Lost Luggage

My uncle was able to threaten an airline with a police investigation when they lost his luggage. My wife couldn’t threaten that, which may be why her luggage still hasn’t arrived, five days after she flew from Toronto to Manchester (England, not New Hampshire).

The impression I had was that Air Transat didn’t care. They could have put the bag on the next flight on another airline. Instead they waited a couple of days to send it. And then another couple of days to deliver it.

Depending on whose statistics you believe if you search the internet on the topic, airlines lose between a half and one per cent of the bags people check when they fly. Given the popularity of air travel, that is thousands of bags every day. The airlines claim most are found and delivered to their owners within a day. That hasn’t been the experience in most cases I have been aware of.

In 2001 I went to Kenya with a friend. I was getting really nervous as it seemed to take forever for our luggage to arrive on the baggage carousel at Kenyatta Airport. My suitcase was the last one out. His had apparently not made it on the flight. It was four days before Air Canada managed to get it to him.

Last year Turkish Airlines managed to leave my luggage off my flight from Istanbul to London to connect with an Air Canada flight to Ottawa. To their credit, they knew they had made a mistake and were able to let me know as soon as my flight arrived. That way I wasn’t queueing up wondering where my suitcase was, and it was delivered to my residence the next day. Since I was at home the inconvenience was minimal. It would have been far more problematic if it was the outgoing flight, like it was for my wife this week.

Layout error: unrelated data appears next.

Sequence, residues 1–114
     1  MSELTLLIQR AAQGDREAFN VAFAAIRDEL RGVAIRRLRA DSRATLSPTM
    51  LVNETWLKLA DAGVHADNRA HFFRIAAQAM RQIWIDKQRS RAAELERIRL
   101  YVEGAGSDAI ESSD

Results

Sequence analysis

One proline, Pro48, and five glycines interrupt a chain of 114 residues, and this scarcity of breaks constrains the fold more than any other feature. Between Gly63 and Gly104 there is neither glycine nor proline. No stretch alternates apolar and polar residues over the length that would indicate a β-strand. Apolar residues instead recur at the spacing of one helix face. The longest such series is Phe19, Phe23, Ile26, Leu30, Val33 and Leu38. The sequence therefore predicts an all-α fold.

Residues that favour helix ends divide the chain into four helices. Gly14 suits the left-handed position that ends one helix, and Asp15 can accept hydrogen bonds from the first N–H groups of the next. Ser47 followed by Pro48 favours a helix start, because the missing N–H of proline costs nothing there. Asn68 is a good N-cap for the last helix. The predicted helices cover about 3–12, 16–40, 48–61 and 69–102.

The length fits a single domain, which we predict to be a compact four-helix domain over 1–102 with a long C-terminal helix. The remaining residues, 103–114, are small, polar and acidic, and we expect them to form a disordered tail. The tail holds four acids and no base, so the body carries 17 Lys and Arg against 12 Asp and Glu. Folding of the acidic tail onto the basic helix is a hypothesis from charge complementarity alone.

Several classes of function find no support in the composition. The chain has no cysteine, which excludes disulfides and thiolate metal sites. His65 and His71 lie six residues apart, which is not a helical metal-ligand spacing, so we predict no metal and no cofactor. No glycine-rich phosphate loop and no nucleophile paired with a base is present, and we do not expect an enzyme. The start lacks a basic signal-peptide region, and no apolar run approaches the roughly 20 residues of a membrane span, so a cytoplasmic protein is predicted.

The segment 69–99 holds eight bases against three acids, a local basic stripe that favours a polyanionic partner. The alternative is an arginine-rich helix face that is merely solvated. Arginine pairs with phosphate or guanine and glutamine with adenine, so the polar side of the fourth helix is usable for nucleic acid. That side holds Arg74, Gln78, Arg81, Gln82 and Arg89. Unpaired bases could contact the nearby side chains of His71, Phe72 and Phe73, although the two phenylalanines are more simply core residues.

The statistics, trumpeted by the airlines, tell you that only a minimal number of bags fail to make it to their destination with their owner, and fewer still are actually lost; most are just delayed. That’s small comfort when it is your bag that is missing.

Sometimes an airline losing your luggage is a lot more than an inconvenience. Such as when my uncle almost had to involve the Royal Canadian Mounted Police to find his missing suitcase.

The Embalse Nuclear Station in Argentina. I think this is the one my uncle worked on.

The Embalse Nuclear Station in Argentina. I think this is the one my uncle worked on.

Airlines tell you to place your valuables in your carry-on, just in case you luggage goes astray. That wasn’t possible for my uncle on a flight from Toronto to Buenos Aires (on Air Canada I presume) back in the early 1970s I think it was. His suitcase, full of business papers (way too much for a carry-on) went missing in transit. The airline seemed less than concerned. He, on the other hand, was very concerned. He got the airline’s attention when he informed them that he had no choice but to report them to the Royal Canadian Mounted Police.

My uncle was a nuclear engineer. In his bag were the contracts for a nuclear reactor Argentina was buying from Canada. Possibly the plans too, I wasn’t told the details. It was amazing though how fast the airline found his bag when they heard that. My wife unfortunately only had clothing in her bag this time, not state secrets.

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One comment

  1. […] saga of my wife’s lost backpack from her summer vacation continues, as we now attempt to get compensation from Air Transat, […]

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